Another source told C-Fam’s "Friday Fax" that Berry “not only oversaw the incorporation of LGBT into the religious freedom office, something not included in the Congressional mandate that set the office up, but he also oversaw the persecution and eventual exit of employees, foreign service officers, Christians, who objected to mixing LGBT with religious persecution.”
Sodomy is not a “human right”
In many nations today, sodomy is illegal, as it was almost universally in the Americas before and at the time the U.S. Constitution and Bill of Rights were formed — and in many states up until the Lawrence v. Texas Supreme Court decision in 2003. For centuries, homosexuality has been considered immoral under Western jurisprudence, rooted in Judeo-Christian scripture and teaching.
“Non-discrimination is a category of human rights that has never included sexual orientation and gender identity but which activists are trying to get countries to accept,” C-Fam reported.
In African nations like Kenya, where homosexuality is illegal, Obama’s “neo-imperialistic” promotion of homosexuality was unpopular. “The fact remains that this issue is not really an issue that is in the foremost mind of Kenyans,” said Kenyan president Uhuru Kenyatta during an Obama state visit in 2015.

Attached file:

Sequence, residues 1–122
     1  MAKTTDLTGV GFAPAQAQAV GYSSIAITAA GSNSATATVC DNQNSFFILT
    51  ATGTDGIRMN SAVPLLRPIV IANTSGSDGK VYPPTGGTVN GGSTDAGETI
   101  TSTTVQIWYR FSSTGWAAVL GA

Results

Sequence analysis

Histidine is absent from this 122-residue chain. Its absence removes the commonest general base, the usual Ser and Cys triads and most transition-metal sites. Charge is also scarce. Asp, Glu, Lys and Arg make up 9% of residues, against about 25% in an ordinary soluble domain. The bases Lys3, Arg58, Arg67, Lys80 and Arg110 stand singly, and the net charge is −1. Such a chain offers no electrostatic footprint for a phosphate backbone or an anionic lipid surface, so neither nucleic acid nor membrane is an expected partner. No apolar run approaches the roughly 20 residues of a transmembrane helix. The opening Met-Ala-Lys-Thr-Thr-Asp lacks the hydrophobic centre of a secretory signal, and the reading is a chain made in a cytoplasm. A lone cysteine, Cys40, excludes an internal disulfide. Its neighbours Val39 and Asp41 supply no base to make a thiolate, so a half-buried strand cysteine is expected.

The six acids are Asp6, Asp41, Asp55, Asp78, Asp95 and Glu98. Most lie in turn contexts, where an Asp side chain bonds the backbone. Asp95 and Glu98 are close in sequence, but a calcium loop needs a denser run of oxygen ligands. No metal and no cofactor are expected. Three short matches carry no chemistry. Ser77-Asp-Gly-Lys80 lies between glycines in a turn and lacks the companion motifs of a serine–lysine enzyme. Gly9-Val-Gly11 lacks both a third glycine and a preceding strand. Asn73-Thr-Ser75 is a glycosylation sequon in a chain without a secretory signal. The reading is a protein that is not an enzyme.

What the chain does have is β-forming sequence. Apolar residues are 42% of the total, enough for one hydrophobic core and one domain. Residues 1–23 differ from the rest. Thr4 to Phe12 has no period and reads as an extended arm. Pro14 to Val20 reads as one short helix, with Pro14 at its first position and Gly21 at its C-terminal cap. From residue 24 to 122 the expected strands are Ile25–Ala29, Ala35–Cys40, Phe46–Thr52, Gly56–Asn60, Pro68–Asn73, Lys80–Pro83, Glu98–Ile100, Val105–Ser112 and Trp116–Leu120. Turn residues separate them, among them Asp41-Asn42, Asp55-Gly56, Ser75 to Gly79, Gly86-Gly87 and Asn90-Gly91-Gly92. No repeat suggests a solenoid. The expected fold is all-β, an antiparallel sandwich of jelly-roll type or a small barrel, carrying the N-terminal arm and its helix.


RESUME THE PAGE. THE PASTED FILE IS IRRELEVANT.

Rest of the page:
Caribbean nations, too, strongly resisted Obama’s pro-LGBT priorities. In Jamaica, a 2014 poll found that 91 percent surveyed supported keeping the country’s anti-buggery law, which American diplomats like Berry were working diligently to overturn. (Buggery is an English term for homosexual sodomy.)
This is the third time since his election that Trump has disappointed pro-family activists who oppose the LGBTQ agenda:
As the new president-elect, he said in an interview that legalized homosexual “marriage” is “settled” law. Critics noted that Trump did not say the same about Roe v Wade, a much older Supreme Court decision.
He refused to remove Obama’s 2014 pro-LGBT executive order for federal contractors, which forces private businesses and ministries to adopt pro-homosexual and pro-transgender policies.